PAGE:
BioTransformer did better on the predictions of metabolites. The software is easy to understand and provides data in three different file-types. The data includes a lot of information, such as name(s), InChI code, InChI key, what sort of reaction that has occurred and which enzymes are responsible for the reaction. The program is able to predict both phase I and phase II metabolites giving it an
advantage over CTS. The number of possible generations of metabolism have no limit as the produced metabolites can be used for a further run in the program. BioTransformer did not manage to find all of the metabolites, but it made good predictions. However the program has limitations as the structures of the metabolites are not presented and additional software has to be used to illustrate the molecules.
The benefits of Meteor Nexus is its large capacity, and the ability to do advanced and specific searches.
It provides a nice schematic picture (tree) of metabolism from the parent compound. For each metabolite it presents which metabolic pathway that has been used (glucuronidation, methylation, sulfation etc). The advanced settings can be set to stop predictions of phase II metabolism after one such reaction to limit the amount of possible metabolites. However the program does predict a large number of metabolites and navigation becomes complex. The advanced settings was set to a general search for this study due to the massive number of metabolites that was presented. The program might be the most useful if more time is spent on understanding the search logics however metabolites might still be missed and the program did not manage to predict all metabolites even though it gave a lot of suggestions. The amount of data produced becomes overbearing and in a sense BioTransformer has an advantage of presenting one metabolite at a time.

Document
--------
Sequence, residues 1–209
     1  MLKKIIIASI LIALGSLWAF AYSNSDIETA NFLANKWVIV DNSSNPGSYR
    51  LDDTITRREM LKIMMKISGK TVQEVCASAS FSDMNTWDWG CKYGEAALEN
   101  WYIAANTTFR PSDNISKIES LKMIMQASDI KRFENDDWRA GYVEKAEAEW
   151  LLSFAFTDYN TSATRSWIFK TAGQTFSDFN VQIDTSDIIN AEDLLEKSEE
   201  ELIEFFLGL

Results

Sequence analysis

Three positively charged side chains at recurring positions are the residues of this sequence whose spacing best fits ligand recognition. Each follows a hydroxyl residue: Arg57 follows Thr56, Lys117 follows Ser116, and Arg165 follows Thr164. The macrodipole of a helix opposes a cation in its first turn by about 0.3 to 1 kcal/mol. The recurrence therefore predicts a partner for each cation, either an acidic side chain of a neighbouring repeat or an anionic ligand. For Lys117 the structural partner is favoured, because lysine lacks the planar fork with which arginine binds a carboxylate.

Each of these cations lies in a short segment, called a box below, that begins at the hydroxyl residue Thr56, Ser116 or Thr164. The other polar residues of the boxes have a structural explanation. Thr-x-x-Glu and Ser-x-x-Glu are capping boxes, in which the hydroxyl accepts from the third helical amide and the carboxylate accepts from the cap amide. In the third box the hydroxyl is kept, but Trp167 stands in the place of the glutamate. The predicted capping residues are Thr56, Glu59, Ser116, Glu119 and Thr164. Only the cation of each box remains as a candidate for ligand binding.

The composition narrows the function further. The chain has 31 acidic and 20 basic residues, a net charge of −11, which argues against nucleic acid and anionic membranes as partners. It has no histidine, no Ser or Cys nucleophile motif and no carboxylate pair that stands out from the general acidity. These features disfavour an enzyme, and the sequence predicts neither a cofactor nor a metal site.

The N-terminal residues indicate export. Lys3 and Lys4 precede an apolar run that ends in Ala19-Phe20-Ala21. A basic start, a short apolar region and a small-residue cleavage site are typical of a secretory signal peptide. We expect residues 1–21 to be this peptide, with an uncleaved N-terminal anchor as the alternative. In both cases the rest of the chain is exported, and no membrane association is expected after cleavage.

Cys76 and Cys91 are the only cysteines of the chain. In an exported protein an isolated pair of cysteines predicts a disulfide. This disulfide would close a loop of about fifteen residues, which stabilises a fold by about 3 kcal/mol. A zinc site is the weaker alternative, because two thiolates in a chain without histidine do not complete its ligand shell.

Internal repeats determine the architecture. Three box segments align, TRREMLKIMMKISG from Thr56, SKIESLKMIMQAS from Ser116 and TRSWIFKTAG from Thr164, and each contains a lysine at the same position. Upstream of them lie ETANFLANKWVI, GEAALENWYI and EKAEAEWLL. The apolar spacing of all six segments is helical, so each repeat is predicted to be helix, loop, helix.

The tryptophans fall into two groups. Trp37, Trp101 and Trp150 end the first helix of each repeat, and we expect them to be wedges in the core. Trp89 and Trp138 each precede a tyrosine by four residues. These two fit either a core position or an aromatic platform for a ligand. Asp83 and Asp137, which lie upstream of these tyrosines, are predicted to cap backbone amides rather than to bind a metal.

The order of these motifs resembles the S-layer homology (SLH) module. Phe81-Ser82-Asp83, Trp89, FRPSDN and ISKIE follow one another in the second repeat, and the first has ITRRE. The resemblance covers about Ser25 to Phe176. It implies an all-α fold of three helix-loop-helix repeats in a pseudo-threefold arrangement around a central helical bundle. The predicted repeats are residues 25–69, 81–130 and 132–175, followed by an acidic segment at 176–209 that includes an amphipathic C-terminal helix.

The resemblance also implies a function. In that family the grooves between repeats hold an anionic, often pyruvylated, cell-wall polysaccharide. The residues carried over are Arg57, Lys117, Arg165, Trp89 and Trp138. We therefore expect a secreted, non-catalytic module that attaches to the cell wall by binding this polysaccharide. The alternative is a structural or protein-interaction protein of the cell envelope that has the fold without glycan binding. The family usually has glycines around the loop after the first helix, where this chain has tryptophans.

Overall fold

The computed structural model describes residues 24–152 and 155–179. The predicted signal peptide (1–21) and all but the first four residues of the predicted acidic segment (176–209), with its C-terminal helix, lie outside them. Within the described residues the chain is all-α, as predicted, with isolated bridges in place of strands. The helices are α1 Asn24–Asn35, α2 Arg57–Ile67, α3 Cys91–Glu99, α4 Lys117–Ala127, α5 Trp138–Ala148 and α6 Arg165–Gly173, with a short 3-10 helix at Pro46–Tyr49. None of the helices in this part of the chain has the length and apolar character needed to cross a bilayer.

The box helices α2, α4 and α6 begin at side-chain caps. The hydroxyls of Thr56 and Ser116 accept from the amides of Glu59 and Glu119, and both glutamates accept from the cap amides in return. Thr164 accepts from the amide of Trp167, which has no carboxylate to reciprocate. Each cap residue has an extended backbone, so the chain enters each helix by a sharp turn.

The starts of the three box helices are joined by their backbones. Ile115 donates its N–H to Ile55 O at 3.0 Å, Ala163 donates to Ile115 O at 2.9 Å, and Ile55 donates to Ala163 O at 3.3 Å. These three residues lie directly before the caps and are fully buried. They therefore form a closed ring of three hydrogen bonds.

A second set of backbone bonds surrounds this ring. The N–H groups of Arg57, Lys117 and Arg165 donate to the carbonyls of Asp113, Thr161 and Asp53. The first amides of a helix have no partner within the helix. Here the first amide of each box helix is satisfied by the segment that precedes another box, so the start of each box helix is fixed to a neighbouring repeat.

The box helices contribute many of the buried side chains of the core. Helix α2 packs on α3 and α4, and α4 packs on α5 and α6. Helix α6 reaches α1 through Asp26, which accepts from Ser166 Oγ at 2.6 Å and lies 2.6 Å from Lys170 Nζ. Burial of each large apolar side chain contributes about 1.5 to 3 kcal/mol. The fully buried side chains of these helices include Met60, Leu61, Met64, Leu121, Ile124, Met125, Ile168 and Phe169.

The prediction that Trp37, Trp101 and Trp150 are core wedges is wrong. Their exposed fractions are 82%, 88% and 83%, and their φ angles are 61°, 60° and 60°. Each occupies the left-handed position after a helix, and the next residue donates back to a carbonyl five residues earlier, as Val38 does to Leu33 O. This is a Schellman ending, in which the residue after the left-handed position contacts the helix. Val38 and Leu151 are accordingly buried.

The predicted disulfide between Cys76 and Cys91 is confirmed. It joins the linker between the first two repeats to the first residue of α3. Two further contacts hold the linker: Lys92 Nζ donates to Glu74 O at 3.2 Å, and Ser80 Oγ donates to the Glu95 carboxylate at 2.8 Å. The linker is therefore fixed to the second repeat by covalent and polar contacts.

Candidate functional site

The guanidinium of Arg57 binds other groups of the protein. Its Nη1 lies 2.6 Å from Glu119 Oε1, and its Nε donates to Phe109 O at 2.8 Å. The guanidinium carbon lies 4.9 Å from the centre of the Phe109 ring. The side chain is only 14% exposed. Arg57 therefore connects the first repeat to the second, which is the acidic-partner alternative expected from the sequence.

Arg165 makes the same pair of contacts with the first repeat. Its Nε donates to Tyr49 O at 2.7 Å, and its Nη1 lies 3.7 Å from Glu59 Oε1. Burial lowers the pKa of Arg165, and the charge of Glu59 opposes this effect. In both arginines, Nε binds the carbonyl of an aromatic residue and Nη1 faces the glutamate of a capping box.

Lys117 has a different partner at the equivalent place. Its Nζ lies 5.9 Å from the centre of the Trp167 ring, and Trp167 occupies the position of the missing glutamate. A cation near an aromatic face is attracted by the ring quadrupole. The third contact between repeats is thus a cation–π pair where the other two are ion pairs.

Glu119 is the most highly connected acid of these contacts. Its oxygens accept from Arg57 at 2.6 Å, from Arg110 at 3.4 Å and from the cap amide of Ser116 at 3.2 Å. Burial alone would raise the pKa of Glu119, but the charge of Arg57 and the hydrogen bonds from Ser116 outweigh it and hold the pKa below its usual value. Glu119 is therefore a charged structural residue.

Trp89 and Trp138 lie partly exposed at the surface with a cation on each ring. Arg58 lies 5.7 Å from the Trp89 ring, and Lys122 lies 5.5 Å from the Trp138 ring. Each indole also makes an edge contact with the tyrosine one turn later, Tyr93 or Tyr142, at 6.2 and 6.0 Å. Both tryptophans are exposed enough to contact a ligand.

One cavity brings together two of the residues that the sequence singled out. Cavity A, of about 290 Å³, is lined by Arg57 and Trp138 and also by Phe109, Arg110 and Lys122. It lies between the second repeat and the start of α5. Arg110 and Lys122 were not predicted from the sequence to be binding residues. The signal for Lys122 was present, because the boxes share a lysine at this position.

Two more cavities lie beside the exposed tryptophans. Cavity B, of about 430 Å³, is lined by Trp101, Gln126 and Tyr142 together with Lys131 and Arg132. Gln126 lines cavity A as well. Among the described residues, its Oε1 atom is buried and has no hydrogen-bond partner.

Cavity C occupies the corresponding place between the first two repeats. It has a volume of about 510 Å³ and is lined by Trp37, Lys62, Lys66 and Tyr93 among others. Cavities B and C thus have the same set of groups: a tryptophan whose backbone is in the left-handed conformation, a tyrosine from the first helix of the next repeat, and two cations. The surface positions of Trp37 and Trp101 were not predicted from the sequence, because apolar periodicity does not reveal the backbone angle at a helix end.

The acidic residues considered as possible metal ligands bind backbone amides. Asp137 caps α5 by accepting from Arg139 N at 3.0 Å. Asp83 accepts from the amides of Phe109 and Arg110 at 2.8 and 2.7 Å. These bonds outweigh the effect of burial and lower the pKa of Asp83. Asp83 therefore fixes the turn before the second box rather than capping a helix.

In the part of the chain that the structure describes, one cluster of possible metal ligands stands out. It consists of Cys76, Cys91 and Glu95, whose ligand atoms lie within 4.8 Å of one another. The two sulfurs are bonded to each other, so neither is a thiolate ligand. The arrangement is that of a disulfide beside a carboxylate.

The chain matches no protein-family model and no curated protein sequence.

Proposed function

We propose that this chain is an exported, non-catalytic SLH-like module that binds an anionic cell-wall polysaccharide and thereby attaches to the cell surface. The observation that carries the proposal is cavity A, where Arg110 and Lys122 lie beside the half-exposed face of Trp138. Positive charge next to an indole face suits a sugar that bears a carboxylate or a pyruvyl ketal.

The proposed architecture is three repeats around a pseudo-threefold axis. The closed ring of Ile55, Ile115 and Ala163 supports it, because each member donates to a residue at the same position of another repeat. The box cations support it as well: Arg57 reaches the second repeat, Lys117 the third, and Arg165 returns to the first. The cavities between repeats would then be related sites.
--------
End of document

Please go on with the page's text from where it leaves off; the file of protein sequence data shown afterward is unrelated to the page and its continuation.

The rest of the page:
All of the programs predicted several metabolites that was not found in literature. It is important to address that this does not mean that these metabolites is not formed in vivo or in vitro, nearly that they have not been identified. Some of the studies have performed targeted analysis, and found only those metabolite that they were looking for. Other possibilities of metabolites not being found experimentally could be if they are short lived or work as intermediates. Furthermore, metabolism studies are done mainly on liver cell-lines in vitro or by measuring urine or faeces in vivo. This may be limiting as metabolism occurs in the rest of the body as well and other metabolic products may be possible. The systems used for the experimental detection of metabolites are also different and include both rat, human and zebra fish. The cell lines of these different species differ from each other and can give different results. The performance of the programs can therefore not be judged solely based on scoring such as in this study, but it still gives an idea to weather some sort of reactions are missed by the programs.
26 3.4 Estrogenicity of bisphenols
Ten of the eleven compounds detected in the literature survey were found to have measured EC50 values on estrogen receptor activity i.e estrogenicity, values for BP-2 were missing. All of the bisphenols with published experimental values were tested for estrogen receptor activity relative to BPA. The resulting values are presented in table 8. Compounds with several values are presented more than once. The bisphenols that showed a stronger binding to ER than BPA are displayed in red within the table. Dependent on which system was used during the study the results vary, and the EC5o values cannot be compared to one another for compounds with several values. Different cells will have different sensitivity to the compound and the in vitro experiments have cell lines from human, yeast, zebra fish and rat. However, the pattern of estrogenicity of the analogue in comparison to BPA is
consistent for compounds with more than one value, with minor deviations for BPB and BPZ. A relative potency with a value of 1.0 would indicate the same activation potency for the estrogen receptor as BPA, higher value than 1.0 means stronger potency. Within the table are information on the risk of consumer contact that the bisphenol has according to the survey of bisphenols published by KemI 20176.